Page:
This past summer I had a list of ideas (still attached to the fridge with magnets). Perhaps a chocolate party; or a Downton Abbey party; or maybe wine and cheese. Hmmmm, what have you just learned about me? However none of them happened; my birthday was in the midst of our evacuation.

My desire is to create a fun time and to share that fun with friends. It’s a giving time, not a receiving time. But each year I receive so much: being with friends is the best; their words are a wonderful gift; our time together creates special memories.  

Don Postema’s observation from the Genesis narrative challenges me. Adam’s very first day was a sabbath; a day designed for rest, refreshment, and receiving! That is my heart for my birthday parties—for my friends. God graciously creates it to be that way for me too.

As a believer, Sunday is called the sabbath. I look forward to joining with many others at our local church. It is time I purposely set aside for God—to give to God. Yet, I receive so much more: I leave with new perspectives, quietness, joy, peace, creativity. 

I desire to give. I receive as well.

Being a giver is being like God; being a receiver is humbling me to enjoy who God is.

I’m asking new questions. God, what truth do you want me to receive from you today?

“And he took bread, and when he had given thanks, he broke it and gave it to them saying, “This is my body which is given for you…”                               Luke 22:19

Thursday, September 12, 2013


I spotted a ragged tennis ball ... one of Maggie's treasures. Another reminder. Our Golden Retriever suffered a heart attack in May and died while we were traveling. We didn't get to say good-by. I picked up the now smooth grayish-pink orb and tossed it away.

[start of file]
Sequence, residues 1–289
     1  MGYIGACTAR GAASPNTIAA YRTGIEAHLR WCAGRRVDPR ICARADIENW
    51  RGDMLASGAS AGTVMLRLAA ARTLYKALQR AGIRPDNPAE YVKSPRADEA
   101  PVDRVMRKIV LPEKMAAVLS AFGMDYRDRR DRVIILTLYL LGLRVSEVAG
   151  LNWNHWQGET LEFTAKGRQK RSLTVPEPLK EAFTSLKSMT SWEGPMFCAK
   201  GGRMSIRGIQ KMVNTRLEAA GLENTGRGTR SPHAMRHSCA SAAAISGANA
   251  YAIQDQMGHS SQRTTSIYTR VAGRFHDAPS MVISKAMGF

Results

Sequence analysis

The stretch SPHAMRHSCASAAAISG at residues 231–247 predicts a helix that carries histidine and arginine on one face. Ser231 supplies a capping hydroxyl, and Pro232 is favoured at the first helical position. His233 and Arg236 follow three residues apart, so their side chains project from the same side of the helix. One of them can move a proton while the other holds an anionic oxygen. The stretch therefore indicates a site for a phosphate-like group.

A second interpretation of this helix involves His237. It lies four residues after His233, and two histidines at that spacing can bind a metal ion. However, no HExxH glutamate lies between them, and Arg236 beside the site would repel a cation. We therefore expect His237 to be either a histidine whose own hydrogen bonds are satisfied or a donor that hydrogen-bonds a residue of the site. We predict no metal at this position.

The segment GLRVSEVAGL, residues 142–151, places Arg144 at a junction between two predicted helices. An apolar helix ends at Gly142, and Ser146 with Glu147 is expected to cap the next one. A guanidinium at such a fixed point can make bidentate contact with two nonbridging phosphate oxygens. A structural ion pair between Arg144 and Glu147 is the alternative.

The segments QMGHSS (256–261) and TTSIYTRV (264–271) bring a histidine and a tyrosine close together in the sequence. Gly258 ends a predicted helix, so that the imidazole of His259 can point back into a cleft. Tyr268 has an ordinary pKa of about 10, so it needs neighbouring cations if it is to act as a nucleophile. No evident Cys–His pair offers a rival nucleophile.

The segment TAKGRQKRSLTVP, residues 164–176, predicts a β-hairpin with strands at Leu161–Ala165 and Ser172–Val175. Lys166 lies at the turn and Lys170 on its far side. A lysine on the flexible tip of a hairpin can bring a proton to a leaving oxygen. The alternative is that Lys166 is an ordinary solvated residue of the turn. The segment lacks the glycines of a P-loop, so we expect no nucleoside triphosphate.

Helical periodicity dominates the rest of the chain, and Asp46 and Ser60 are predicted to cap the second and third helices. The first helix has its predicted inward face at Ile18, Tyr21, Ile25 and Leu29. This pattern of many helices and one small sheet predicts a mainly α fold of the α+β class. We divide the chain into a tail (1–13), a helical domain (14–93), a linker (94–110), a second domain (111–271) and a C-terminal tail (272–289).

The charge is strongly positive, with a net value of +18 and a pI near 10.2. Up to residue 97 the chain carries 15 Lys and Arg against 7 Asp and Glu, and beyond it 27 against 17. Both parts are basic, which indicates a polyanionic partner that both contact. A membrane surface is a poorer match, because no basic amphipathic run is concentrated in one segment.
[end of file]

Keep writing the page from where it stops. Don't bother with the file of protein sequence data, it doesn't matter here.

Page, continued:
On vacation while hiking the Rainbow Trail, we stopped to admire a beautiful waterfall. The cold crystalline stream tumbled over rocks framed by wildflowers, tall and purple. The sound heavenly; the sight glorious; the memories--there they were again. Last summer we hiked parts of the same trail with Maggie. She took a swim below those cascading sheets.

The Black Forest fire ignited in June. Thankfully our home stands; the memories of 40+ years intact. But for a week, we lived evacuated and not knowing where we would be sleeping. We pre-grieved what we expected to be.

All summer the grief was real as we related to our neighbors and friends--some whose homes did burn to the ground. The new expanded scenery and blackened trees remind us daily of the hurt lingering around us.

July brought the memorial service for a Nav friend. The Great Hall of the Glen Eyrie castle packed with friends from across town and across the Atlantic to give testimony to a life well-lived. My tissues wadded in my hands wiped many tears between the smiles and laughter of remembering Jeanie. Her physical death brought us together to celebrate life--as it should be.

In the midst, I was considering grad school. Is that the fertilizer God wanted to add to my soul? I researched; I talked; I prayed. In August the decision culminated--no. 

But the grad school adventure excited me. Another first day of school loomed. (I previously taught elementary school.) The atmosphere. The stimulation.The opportunities. New friends. I was eager. The decision, however, seemed wise--yet another grief.

Four different kinds of death in the last firve months, death in the midst of life. I'm learning death refines; death leads to life; death can even be trusted.